Executives vs. Workers



The data in question can be seen here. I understand that the Economic Policy Institute (EPI) is considered a left-leaning think tank, but regardless of its slant, I’ve yet to see this data disputed. From what I’ve read, the raw data pretty much confirms what most people are observing anecdotally: that our once widely-perceived meritocratic and classless society is becoming socioeconomically stratified like never before. Even the tax-heavy social democracies we regard as anti-business and “socialist” offer greater opportunities for upward mobility (as I discussed in a previous post).

A HuffPo piece that cites the article adds further detail (emphasis mine):

Income inequality between CEOs and workers has consequently exploded, with CEOs last year earning 209.4 times more than workers, compared to just 26.5 times more in 1978 — meaning CEOs are taking home a larger percentage of company gains.

That trend comes despite workers nearly doubling their productivity during the same time period, when compensation barely rose. Worker productivity spiked 93 percent between 1978 and 2011 on a per-hour basis, and 85 percent on a per-person basis, according to the Federal Reserve Bank of St. Louis.

Meanwhile, workers saw their inflation-adjusted wages fall in recent years as corporations postponed giving raises while adding to their record corporate profits.

Certainly, there are many reasons why our economy is faltering, but it seems that a major factor is the increasingly greedy and predatory nature of America’s business culture. Profits for most companies are at record highs, yet so too is unemployment.America has one of the lowest minimum wages in the developed world, while also having the highest proportion of its workforce employed in low-wage jobs, yet still many businesses – often the most profitable ones – continue to cut benefits, freeze wages, and work their employees harder. Companies are no longer investing in their workers.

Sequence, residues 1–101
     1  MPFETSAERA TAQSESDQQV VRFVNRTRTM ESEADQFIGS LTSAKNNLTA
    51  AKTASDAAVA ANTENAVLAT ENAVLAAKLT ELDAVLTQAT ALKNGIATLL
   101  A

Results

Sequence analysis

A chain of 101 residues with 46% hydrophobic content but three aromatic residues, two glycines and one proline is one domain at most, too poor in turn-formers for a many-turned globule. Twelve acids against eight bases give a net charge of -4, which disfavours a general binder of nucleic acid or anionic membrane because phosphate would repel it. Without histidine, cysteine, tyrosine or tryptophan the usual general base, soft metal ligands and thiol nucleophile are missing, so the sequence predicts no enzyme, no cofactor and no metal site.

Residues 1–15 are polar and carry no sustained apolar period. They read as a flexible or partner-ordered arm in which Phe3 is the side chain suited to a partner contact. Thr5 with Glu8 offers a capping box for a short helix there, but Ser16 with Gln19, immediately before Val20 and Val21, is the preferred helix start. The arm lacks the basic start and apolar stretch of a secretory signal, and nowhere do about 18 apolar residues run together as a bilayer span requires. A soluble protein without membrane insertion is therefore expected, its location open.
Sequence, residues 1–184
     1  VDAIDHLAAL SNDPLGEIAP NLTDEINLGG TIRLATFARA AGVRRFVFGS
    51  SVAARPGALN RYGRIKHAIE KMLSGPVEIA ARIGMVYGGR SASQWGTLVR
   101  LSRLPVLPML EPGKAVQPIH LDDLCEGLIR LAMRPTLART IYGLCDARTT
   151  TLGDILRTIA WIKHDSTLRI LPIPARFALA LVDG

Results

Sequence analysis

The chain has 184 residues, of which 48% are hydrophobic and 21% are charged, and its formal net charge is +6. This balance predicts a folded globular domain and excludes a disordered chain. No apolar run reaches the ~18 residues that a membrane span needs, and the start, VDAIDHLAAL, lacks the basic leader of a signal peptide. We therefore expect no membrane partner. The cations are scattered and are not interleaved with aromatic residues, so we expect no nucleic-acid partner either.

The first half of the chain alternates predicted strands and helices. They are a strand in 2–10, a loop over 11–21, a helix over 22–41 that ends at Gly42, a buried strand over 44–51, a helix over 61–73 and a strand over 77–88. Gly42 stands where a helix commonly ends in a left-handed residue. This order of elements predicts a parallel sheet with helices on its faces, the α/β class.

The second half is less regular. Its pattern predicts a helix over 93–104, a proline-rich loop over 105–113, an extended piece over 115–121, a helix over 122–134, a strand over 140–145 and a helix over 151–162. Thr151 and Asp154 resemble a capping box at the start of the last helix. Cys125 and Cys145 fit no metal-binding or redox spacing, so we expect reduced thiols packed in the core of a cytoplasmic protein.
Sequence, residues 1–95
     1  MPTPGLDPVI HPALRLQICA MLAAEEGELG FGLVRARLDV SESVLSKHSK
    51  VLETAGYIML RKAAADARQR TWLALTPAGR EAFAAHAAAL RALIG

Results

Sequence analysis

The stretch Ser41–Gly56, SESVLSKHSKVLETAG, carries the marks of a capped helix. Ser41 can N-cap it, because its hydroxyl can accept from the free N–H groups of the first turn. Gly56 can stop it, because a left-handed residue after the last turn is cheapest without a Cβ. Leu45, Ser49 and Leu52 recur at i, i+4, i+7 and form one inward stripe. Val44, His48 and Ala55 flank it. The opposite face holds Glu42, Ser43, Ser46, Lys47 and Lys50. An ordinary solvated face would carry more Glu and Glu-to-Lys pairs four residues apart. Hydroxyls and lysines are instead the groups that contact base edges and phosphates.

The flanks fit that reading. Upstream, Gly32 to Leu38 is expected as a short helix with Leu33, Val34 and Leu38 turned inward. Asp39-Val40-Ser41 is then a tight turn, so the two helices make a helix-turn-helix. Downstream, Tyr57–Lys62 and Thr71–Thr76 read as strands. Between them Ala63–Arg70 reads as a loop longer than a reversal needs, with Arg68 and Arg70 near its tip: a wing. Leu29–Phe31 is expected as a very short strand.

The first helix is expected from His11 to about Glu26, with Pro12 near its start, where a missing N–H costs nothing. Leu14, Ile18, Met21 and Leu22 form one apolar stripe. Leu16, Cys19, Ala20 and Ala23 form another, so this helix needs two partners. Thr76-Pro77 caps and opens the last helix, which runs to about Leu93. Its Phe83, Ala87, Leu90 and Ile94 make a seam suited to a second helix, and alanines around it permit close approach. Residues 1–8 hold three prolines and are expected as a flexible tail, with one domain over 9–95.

These same self-entitled business elites crow for small government and the free-market; but in essence, they’re undermining their own ideology. If they want low taxes and less state involvement in the economy, then they must step up their social responsibility. If people got paid better, they wouldn’t need to rack up private debt or fall back on government programs to get buy. East Asian countries can get away with low taxes and low public spending partly because their communitarian societies, for the most part, take care of each other. It’s not a perfect arrangement, obviously, but it’s something to consider.

Whatever the case may be, this arrangement cannot lot. As history has shown time and again, a society cannot sustain such vast inequities – and the social dysfunctions that emerge as a result – for very long.

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